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Unplugging from the internet for a month
The benefits of taking a break from social media and email.
It seems MONTHS have passed since my offline break.
Was it really only two weeks ago when I woke up in that cosy cottage in the English countryside, with nothing on my schedule, and no phone or computer in sight?
Time moves slower when you’re experiencing new things, because your brain needs time to process them. That explains why July felt like a very long month to me: I was out and about a lot because there were so many things to discover in North Yorkshire, where I rented a small terraced cottage for a month.
To tune into myself and my needs more, I decided to take a break from my freelance work and more radical: No social media and no email.
Last year I deleted Instagram from my phone for six weeks. Suddenly I had about two hours extra a day to do other things. When I re-installed the app, I saw I didn’t miss anything. Okay, so I missed a few memes and viral videos but nothing life-changing. In the mean time, I was still working and did my emails, so I wasn’t really offline.
This year I wanted to be cut off from all external digital input and requests (let’s be real: an email inbox is just a storage box filled with requests you need to fulfil). To be digitally unreachable for a month needs planning…
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Planning a month without email
We live in a time where some people expect to be able to reach anyone anytime they please. As someone who knew a time before the internet (go on, call me a dinosaur, I don’t mind), I find this unhealthy and unrealistic but alas.
Anyway, you need the set expectations for people well in advance.
I added a line to my email signature in March which announced I would be out of office in July, so clients got the heads up in advance. Whether they realised it or not, they skimmed over that line saying I wouldn’t be available in July over and over for months. I imprinted it on their brain.
Two months before, I started mentioning to clients I’d be away and couldn’t be reached by email in July, so we could anticipate and do work beforehand.
Because I informed my clients so far ahead of my absence in July and it showed in every email we exchanged, they knew what to expect. I received almost no emails from clients in my month off because I’ve been setting expectations for months in advance. I also had an automated response which said when I’d be back.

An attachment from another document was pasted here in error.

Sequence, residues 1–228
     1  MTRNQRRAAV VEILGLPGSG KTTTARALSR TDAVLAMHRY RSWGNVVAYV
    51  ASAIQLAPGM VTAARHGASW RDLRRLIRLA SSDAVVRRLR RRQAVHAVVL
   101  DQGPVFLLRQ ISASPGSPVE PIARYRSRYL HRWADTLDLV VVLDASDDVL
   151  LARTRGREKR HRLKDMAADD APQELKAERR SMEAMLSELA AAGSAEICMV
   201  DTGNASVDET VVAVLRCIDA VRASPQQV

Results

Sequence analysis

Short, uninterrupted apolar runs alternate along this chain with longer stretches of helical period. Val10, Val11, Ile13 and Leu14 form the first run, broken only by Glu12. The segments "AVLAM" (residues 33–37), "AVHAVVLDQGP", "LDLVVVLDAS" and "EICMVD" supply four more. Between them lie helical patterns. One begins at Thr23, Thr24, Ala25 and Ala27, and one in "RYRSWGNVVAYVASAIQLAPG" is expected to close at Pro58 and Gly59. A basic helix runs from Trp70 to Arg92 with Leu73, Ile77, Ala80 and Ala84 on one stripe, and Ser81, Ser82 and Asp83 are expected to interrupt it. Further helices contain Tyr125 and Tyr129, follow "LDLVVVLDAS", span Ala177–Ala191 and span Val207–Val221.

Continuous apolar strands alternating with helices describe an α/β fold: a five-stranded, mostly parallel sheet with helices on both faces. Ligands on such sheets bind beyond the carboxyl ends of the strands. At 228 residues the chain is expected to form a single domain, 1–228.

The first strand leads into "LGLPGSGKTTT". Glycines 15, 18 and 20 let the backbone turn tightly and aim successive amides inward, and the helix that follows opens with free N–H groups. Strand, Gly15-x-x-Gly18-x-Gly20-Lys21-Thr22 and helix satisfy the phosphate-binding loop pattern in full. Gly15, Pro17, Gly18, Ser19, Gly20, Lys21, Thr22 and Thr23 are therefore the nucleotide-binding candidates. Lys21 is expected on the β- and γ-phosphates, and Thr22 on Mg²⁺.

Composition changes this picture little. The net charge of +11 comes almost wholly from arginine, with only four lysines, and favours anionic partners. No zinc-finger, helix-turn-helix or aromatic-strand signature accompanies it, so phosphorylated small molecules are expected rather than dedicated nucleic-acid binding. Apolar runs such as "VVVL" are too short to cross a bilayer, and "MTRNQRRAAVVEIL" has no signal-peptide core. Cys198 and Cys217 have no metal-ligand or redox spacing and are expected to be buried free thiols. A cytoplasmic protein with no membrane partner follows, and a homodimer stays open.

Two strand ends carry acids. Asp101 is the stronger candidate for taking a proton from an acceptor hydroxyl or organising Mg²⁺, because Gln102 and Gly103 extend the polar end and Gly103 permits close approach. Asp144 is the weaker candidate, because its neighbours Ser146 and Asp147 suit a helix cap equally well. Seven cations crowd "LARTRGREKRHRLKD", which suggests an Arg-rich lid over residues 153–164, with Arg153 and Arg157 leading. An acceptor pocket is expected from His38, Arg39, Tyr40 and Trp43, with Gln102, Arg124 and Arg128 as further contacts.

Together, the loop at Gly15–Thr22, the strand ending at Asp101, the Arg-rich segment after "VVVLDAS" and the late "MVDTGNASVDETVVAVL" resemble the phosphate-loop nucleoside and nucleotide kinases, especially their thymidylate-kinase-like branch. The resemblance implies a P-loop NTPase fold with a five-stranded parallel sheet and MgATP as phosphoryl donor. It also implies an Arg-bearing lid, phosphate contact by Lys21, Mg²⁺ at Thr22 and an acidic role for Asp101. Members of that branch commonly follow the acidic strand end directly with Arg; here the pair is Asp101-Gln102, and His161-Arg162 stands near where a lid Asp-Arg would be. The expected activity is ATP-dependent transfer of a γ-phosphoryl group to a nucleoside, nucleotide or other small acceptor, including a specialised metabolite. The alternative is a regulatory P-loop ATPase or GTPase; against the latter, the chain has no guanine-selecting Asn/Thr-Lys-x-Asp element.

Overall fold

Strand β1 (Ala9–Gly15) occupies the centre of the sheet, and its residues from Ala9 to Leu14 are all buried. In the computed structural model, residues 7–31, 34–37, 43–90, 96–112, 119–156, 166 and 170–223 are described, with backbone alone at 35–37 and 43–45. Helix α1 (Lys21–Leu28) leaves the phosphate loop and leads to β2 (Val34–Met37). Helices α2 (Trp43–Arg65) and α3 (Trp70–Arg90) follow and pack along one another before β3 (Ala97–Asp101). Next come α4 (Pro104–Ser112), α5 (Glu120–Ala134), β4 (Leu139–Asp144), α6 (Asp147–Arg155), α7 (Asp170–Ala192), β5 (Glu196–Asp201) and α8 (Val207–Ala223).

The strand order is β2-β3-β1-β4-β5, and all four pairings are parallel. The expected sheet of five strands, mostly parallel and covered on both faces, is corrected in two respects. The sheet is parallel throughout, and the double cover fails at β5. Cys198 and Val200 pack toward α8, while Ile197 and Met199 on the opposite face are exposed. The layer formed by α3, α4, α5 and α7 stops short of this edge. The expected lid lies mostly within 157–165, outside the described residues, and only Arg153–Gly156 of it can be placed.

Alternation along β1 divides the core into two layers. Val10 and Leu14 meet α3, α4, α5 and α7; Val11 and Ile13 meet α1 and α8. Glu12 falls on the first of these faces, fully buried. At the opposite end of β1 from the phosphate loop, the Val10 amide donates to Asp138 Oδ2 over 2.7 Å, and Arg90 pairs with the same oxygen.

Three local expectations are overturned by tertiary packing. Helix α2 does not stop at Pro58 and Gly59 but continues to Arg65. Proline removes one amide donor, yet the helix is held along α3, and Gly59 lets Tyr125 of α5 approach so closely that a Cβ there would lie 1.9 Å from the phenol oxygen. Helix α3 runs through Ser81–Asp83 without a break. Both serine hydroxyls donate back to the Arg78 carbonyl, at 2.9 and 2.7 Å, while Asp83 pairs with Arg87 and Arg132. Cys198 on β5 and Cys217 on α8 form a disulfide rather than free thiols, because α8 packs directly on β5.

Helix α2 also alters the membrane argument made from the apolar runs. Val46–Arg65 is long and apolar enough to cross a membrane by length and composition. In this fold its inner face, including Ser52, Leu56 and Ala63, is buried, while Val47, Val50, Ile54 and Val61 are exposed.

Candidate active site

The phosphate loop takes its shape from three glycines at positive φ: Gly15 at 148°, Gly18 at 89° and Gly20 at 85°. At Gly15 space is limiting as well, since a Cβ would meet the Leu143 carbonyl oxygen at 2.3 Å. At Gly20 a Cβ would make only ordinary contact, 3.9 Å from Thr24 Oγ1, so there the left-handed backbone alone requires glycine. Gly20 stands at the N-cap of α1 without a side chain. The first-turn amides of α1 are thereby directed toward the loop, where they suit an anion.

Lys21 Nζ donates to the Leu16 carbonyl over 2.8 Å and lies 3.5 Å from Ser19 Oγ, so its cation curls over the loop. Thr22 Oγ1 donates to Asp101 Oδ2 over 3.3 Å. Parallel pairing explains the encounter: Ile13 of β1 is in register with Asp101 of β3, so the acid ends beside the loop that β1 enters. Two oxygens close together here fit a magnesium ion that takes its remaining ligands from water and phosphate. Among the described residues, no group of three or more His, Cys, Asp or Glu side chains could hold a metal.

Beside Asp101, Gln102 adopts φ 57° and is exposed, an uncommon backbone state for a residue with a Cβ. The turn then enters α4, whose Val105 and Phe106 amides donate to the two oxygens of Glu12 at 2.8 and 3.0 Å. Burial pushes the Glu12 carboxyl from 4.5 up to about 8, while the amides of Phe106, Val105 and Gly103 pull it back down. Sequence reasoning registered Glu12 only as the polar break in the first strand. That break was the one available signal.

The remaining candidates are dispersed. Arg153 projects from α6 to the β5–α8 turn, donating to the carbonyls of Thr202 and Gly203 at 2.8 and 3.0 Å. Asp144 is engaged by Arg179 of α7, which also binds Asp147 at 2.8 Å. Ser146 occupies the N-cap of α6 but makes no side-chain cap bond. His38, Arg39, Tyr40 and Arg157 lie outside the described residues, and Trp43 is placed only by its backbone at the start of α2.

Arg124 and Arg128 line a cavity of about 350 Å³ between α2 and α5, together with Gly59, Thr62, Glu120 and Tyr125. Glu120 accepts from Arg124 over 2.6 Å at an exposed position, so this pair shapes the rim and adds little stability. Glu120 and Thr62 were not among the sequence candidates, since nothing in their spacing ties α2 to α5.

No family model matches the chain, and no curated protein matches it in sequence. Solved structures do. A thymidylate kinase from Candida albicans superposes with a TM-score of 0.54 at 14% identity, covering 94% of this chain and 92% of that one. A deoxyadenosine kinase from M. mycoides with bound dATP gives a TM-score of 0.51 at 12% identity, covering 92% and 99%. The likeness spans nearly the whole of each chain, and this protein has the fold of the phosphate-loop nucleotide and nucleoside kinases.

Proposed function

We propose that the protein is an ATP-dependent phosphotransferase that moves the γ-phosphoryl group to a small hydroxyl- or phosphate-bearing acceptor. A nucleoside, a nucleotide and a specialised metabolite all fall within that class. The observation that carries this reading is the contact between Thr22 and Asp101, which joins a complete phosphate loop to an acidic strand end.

If there’s one thing I’ve learned in almost 25 years of freelancing/working with people it’s to be very clear of what others can expect.
Joys of disconnecting
Knowing I could abandon my email inbox for a few weeks without any worry, the next step was logging off from social media. Specifically, Instagram.
During my offline month, I expected to feel a pull to open the app but it didn’t happen. Whereas I’d usually open the app on a daily basis and find myself scrolling endlessly through reels and posts, going cold turkey worked like a charm.
124 extra hours in a month
What I got back were extra hours in my day. I used to spend anywhere between two to four hours a day on my phone. Mostly Instagram, but also a lot of Googling and using Maps for directions.
On an average work day, I will spend two hours or more on reading and answering emails. In total, that’s over five hours a day I spend looking at a screen.
A whole month without email and Instagram (but still some Googling and Maps, I have to admit), meant I had about 124 extra hours to spend on other things. I also didn’t have to work for a month, so I was able to read four books, hike many miles in nature, visited three seaside towns, meet up four times with friends (which is a LOT for me) and fill half a sketchbook with drawings.
I also watched a ridiculous amount of British detective series, which counts as a screen and some might see as something bad, but: watching telly is one of the rare methods for me to turn off my overworked brain. It’s actually one of the best methods to rest (read ‘The Art of Rest’ by Claudia Hammond if you want to know more).